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Music service Spotify to lay off workers

Streaming music service Spotify says it will lay off around 6 percent of its workforce, a move that will result in the elimination of about 600 positions across the company.

In a statement released on Monday, Spotify CEO Daniel Ek said he mistakenly believed the audio company’s robust suite of products — which include podcasts and, more recently, audiobook sales — would insulate the company from a slowdown in the advertising market.

“In hindsight, I was too ambitious in investing ahead of our revenue growth,” Ek admitted. “I take full accountability for the moves that got us here today.”

For affected workers, Spotify is promising severance pay that will be calculated based on employee tenure and other factors. Most employees will receive severance worth about five months of their usual income, Spotify said. Healthcare benefits will also be provided during the severance period.

Spotify said its human resources team is working with employees whose immigration visas are tied to their employment, but declined to offer specifics on how it would help.

One executive will be among those looking for a new job: Dawn Ostroff, Spotify’s chief content officer and the head of the company’s advertising business, will leave after five years. Gustav Söderström has been named chief product officer, and Alex Norström to the position of chief business officer. Norström will oversee both content and advertising in his new role.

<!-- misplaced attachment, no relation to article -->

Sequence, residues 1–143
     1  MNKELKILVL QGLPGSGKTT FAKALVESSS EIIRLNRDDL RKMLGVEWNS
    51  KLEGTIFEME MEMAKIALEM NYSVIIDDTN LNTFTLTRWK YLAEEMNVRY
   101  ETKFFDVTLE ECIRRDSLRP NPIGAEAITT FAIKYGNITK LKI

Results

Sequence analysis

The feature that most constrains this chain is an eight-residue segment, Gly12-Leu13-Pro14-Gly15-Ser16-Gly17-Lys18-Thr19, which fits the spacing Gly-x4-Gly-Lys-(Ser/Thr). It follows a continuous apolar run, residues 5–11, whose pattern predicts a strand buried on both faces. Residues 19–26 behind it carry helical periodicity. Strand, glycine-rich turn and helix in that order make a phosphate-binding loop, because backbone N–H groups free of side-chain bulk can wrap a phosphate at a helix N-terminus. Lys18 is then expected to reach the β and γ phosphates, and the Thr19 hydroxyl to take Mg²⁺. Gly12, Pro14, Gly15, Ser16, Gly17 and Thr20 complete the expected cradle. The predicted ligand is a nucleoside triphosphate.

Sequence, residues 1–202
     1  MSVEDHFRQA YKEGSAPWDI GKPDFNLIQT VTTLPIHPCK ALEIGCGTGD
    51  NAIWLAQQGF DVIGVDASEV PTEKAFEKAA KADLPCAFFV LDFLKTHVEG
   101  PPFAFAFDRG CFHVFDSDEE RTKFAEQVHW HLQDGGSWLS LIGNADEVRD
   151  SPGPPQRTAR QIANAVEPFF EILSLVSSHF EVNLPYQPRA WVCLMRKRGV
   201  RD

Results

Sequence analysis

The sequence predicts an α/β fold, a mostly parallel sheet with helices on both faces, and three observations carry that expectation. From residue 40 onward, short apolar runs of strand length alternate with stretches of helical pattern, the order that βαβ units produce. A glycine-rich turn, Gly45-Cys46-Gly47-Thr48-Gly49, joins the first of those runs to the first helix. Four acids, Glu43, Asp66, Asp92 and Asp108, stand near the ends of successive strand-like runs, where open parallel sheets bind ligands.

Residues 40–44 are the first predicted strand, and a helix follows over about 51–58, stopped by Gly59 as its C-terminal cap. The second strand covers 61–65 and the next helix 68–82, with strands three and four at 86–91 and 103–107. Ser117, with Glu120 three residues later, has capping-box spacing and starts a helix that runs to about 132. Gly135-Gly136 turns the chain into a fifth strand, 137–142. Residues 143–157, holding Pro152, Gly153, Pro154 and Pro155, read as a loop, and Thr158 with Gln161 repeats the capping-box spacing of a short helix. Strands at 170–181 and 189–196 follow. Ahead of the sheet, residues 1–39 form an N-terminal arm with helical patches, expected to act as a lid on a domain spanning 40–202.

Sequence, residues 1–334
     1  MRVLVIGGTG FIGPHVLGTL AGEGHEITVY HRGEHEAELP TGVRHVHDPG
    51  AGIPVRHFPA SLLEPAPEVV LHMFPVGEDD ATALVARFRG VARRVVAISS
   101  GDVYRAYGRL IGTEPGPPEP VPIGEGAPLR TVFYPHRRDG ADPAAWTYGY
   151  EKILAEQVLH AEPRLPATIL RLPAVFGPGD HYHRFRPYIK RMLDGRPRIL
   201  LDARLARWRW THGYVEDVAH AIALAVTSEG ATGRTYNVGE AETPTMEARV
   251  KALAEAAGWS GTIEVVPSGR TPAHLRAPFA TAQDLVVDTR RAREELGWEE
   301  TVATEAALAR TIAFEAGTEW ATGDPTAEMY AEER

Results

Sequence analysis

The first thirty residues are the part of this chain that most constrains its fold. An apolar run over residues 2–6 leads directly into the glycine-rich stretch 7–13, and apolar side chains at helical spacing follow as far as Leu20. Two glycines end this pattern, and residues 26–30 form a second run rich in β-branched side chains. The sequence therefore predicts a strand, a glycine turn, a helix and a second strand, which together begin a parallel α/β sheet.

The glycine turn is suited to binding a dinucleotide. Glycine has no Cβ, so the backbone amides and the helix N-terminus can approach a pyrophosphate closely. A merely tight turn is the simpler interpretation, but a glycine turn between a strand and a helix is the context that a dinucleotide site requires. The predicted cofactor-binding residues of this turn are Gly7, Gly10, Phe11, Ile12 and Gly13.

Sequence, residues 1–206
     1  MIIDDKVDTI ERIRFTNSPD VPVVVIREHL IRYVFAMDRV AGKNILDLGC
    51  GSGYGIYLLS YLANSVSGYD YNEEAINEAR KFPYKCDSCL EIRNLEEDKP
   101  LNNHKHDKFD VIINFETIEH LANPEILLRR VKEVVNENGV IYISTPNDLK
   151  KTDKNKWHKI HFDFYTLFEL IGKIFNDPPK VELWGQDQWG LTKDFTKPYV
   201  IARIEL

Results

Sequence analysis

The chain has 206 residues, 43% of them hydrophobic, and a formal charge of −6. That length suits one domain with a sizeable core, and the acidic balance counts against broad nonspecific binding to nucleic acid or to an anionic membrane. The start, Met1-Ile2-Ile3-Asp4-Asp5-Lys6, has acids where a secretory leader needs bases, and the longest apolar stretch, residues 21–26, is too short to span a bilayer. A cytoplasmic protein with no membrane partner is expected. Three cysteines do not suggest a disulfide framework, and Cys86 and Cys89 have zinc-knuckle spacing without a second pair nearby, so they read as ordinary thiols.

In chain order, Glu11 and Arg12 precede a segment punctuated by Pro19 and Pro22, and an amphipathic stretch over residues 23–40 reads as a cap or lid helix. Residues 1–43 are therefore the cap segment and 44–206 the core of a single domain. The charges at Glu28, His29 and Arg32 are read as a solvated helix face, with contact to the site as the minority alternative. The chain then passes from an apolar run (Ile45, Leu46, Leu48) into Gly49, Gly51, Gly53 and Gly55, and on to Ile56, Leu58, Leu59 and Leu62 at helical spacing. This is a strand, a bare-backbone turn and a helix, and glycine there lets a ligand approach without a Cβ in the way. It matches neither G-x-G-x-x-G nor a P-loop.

“We’ve come a long way in our efforts to build a comprehensive platform for creators of all levels, but there’s still much to be done,” Ek said. “To truly become the go-to destination for creators, we need to keep improving our tools and technology, explore new ways to help creators engage with their audiences, grow their careers, and monetize their work.”

Ek said Spotify will announce new features for creators and listeners at its upcoming Stream On event, which is scheduled to take place on March 8.

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About the Author:

Matthew Keys

Matthew Keys is an award-winning journalist with more than 10 years of experience covering the business of television and radio broadcasting, streaming services and the overall media industry. In addition to his work as publisher of The Desk, Matthew contributes regularly to StreamTV Insider and KnowTechie, and has worked for several well-known news organizations, including Thomson Reuters, McNaughton Newspapers, Grasswire, Comstock's magazine, KTXL-TV and KGO-TV. Matthew is a member of IRE, a trade organization for investigative reporters and editors, and is based in Northern California.

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